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Comment: family homes shouldn’t be reserved for those who can afford them

PUBLISHED: 17:40 14 February 2017 | UPDATED: 17:42 14 February 2017

Alexandra & Ainsworth Estate in South Hampstead, 1978, is a crowning example of Camden Council's radical architectural approach to social housing in the 1960s and 70s. Photo: Banalities/Flickr

Alexandra & Ainsworth Estate in South Hampstead, 1978, is a crowning example of Camden Council's radical architectural approach to social housing in the 1960s and 70s. Photo: Banalities/Flickr

Archant

The government has vaunted ‘family friendly’ three-year tenancies in its new housing policy outline, a far cry from the days of lifetime tenancies.

Reading the Housing White Paper released this week, laying out the government’s latest policy to tackle the housing crisis, which is so acute in Camden, one small phrase leapt out at me.

It was the call for “family-friendly” three year tenancies that caught my eye (not mandatory and not enforced and only suggested for new institutional build-to-rent developments, but that’s by the by).

These may indeed be more suitable for families than the general absence of regulation that currently prevails in the private rental sector, but only slightly. Having to move house every three years – perfectly likely if the rent rises or the landlord company sells up or goes bust – often with the associated disruption of moving school and leaving friends is hardly ideal for families with children.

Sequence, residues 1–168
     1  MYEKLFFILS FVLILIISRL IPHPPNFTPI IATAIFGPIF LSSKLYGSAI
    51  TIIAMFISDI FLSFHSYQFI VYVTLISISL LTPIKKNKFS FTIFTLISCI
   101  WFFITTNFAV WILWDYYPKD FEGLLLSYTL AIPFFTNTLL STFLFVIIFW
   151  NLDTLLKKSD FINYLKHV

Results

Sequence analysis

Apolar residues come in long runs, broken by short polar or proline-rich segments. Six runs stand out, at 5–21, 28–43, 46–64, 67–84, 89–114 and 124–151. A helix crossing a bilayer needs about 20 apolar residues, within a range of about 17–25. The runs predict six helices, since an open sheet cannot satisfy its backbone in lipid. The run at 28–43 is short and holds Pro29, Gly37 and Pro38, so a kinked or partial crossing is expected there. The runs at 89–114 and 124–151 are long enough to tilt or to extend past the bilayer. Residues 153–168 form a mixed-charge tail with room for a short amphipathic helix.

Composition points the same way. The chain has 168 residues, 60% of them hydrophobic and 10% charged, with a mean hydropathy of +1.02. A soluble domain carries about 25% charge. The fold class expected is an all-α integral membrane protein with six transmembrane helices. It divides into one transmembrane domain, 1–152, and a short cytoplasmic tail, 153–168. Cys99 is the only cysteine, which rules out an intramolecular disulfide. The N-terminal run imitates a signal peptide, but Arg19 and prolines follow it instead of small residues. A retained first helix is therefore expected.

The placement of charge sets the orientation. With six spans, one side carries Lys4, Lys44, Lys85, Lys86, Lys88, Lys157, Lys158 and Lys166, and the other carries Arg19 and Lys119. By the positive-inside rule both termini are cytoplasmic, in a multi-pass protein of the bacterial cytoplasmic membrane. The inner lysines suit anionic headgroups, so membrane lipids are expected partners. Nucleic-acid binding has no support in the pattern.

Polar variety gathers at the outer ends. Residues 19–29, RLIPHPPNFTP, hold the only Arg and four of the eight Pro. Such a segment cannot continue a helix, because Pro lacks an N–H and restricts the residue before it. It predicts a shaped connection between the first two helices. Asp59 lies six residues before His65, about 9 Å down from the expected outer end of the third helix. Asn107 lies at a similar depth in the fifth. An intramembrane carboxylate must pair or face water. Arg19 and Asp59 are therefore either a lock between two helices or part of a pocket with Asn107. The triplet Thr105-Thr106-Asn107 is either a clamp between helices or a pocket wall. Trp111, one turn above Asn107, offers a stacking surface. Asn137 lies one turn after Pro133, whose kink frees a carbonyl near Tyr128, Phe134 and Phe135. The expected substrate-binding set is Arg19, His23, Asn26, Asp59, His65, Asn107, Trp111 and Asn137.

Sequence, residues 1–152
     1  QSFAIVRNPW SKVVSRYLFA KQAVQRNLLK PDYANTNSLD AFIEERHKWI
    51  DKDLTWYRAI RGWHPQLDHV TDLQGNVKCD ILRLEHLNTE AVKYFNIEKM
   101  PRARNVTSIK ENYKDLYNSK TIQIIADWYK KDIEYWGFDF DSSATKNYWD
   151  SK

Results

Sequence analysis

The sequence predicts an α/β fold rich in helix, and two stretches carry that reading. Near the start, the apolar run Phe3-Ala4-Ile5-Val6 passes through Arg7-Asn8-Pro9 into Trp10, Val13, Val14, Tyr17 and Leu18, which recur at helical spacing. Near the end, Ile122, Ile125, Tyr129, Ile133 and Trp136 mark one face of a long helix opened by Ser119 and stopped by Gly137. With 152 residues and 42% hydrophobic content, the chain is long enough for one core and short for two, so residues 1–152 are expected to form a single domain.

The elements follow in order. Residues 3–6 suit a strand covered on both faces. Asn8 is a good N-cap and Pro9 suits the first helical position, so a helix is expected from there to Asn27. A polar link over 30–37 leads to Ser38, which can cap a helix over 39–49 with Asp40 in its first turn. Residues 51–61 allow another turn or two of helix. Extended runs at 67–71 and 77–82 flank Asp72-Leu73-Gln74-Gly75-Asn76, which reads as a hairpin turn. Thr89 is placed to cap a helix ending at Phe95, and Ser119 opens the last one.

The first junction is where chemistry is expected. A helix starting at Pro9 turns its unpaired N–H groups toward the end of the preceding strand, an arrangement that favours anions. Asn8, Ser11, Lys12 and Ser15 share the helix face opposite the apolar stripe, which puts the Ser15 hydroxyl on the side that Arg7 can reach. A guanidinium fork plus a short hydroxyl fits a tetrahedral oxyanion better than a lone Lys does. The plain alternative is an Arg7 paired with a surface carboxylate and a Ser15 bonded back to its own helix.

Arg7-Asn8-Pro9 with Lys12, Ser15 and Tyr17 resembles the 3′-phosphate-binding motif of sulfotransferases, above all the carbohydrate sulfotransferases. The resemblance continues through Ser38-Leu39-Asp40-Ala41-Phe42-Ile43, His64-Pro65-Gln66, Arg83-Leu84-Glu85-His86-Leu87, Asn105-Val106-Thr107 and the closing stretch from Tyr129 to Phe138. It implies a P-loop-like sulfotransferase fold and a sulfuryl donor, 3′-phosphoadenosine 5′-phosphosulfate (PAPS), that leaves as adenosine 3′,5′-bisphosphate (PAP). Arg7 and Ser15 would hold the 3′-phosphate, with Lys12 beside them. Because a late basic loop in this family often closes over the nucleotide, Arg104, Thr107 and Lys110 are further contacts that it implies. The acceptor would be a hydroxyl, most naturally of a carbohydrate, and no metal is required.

But the fact that a three-year tenancy is vaunted as some kind of progressive, family friendly policy reveals just how far our aspirations and priorities around housing have shifted in the past three decades.

In the 1960s to the early 1980s Camden council tenants lived in some of the best modern architecture being built anywhere in the world at the time with a lifetime tenancy to boot.

Their children could spend their entire childhoods there, attending local schools and then when they left home, there would still be the family nest to come back to, not an essential perhaps, but certainly a benefit homeowners who remain in their family homes enjoy.

More importantly, those few, often elderly, tenants who remain today are part of a community where neighbours sometimes provide basic care, or at least a chat, while local cafes and shops also keep an eye on them.

Nowadays, that security of tenure is a luxury preserved only for those who can afford it – in Camden, the third most expensive borough in the country, that’s truly the rarefied few – and the government and society at large shows no signs of thinking there’s anything wrong with that.

The old way may have had its flaws, not least how expensive some of the developments were to build and maintain (the council’s idealistic in house architecture department were insistent that only the best would do) and of course there was Right to Buy.

But the principle of a decent home for life for all, not just those with money, is one we all fail by forgetting


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